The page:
THE GENEROSITY of European taxpayers towards poorer countries was praised in Strasbourg last week by celebrity visitor Bill Gates, founder of Microsoft and one of the richest men in the world.
Mr Gates had not come to talk about bailouts, however, but rather the distribution of funds in the form of development aid to the third world. He spoke in glowing terms of the “phenomenal commitment” of many European member states, but was much less complementary about the approach of his homeland.
“It’s absolutely fair to say that the United States is not exemplary in the scale of its foreign aid,” he said.
America funded much scientific work into diseases, and was “the largest AIDs donor, the largest malaria donor”, but was only spending about a third of what it should spend in percentage terms.
“And I certainly do everything I can to push for that to increase. There was a commitment to double it in the campaign but its clear today that not only won’t it get doubled but we’re fighting for it not to get cut.”
He told the European Parliament’s development committee that the majority of all aid that goes to poor countries comes from Europe, and said he wanted to thank voters for their generosity.
But he stressed the necessity to “get the word out” about successful aid programmes, “because there’s a lot of the people who vote, whose taxes fund these things, that don’t really understand the incredibly positive things that their generosity is allowing”.
Mr Gates and his wife Belinda have established a charitable foundation, focused in part on tackling disease through vaccinations in developing countries, which he believe shared some goals with the European Parliament.
He said private philanthropy had a special role and should be encouraged, but it currently contributed less than two per cent of the total given to poor countries.
Mr Gates said he always knew some of his money would be misused and he tried to make sure that was less than five per cent. “Anybody tells you they have an aid programme that has no corruption, they are not measuring what’s going on.”
Those hoping Mr Gates might offer advice in solving the problems of the Eurozone’s economic crisis would have gone home disappointed, however. “I wish I had some great advice. It’s a very tricky problem in terms of instilling confidence while knowing some bills are so large you don’t want to be responsible for them.”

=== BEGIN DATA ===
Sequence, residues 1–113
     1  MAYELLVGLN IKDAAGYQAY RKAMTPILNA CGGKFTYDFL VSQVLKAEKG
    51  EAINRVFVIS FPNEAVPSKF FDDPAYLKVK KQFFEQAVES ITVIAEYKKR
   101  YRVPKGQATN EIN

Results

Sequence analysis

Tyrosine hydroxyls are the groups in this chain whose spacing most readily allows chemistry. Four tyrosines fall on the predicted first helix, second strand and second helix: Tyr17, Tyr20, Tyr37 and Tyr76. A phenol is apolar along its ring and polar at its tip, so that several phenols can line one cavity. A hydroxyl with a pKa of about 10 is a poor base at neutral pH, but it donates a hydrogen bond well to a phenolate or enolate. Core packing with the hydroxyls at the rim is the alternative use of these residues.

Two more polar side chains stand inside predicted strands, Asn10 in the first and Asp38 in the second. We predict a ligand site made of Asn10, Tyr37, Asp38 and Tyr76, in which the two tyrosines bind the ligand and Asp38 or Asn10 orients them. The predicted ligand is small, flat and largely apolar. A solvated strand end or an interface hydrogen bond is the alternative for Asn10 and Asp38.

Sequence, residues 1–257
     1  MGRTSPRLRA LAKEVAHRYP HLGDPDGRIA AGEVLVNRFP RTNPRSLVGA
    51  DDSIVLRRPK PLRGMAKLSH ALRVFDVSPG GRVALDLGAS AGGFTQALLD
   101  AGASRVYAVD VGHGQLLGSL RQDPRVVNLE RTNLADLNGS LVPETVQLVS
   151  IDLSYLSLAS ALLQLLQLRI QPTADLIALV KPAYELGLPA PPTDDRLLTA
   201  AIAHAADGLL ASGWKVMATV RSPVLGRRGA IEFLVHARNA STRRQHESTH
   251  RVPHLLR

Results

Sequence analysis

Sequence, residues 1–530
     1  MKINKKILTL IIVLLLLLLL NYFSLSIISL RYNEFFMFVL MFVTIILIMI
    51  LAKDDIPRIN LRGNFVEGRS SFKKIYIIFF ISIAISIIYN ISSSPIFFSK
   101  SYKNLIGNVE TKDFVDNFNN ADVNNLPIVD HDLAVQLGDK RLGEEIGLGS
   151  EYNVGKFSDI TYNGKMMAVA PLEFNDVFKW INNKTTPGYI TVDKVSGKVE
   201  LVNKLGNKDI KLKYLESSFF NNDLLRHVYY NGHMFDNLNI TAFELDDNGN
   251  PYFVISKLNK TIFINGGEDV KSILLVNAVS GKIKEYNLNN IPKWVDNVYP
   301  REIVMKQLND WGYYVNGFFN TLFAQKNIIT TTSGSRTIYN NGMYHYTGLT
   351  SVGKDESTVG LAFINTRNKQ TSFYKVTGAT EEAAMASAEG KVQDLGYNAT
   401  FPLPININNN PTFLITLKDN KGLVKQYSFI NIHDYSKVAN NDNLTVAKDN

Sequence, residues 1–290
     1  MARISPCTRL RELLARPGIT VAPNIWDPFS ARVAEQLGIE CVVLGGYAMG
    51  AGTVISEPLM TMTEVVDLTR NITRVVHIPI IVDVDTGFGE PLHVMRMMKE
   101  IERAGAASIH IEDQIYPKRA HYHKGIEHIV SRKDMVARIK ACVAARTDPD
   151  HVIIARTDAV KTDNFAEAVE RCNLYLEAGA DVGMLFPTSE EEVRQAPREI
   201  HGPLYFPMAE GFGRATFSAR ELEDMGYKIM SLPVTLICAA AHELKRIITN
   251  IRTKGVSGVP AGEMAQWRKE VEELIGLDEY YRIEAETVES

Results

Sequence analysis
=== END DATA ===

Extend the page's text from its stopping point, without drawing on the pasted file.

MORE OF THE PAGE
Mr Gates was quizzed by MEPs from across Europe about all sorts of contentious issues, including population control. He said his foundation was involved in providing reproductive health supplies, such as implants, that women could use on a voluntary basis. Some anti-AIDs programmes, such as a sex worker programme in India, promoted the use of condoms, “so that a women would protect herself and not die of AIDs”.
“My wife is Catholic,” Mr Gates revealed, “we’re not involved in abortion; we’re not involved in sterilisation. We believe that women should be healthy and be able to have as many children as they want to.”
One of the most striking things, to these Irish eyes at least, about the interior of the vast European Parliament chamber is the number of women MEPs. Thirty-five per cent of members are women, compared to our Dail’s 15 per cent.
Sisterly spirit did not prevent a former TD, Independent MEP Marian Harkin, taking a cut at fellow Irishwoman Catherine Day, secretary general of the European Commission, who described the EU-IMF bailout as “tough but sustainable” on a recent visit to Ireland. Responding critically in the European Parliament chamber, Ms Harkin insisted Ms Day was “wrong”, asking: “How is a small island of 4.4 million people supposed to cope with this madness?”
Another one of the Dail’s ‘old girls’, Commissioner Maire Geoghegan-Quinn, this week encountered a problem faced by many an Irish person abroad when she was asked to reduce the speed at which she talked. The translators were having difficulty keeping up with her, the chairwoman of the Commissioner’s question session explained. Ms Geoghegan-Quinn apologised. “This happens all the time,” she admitted.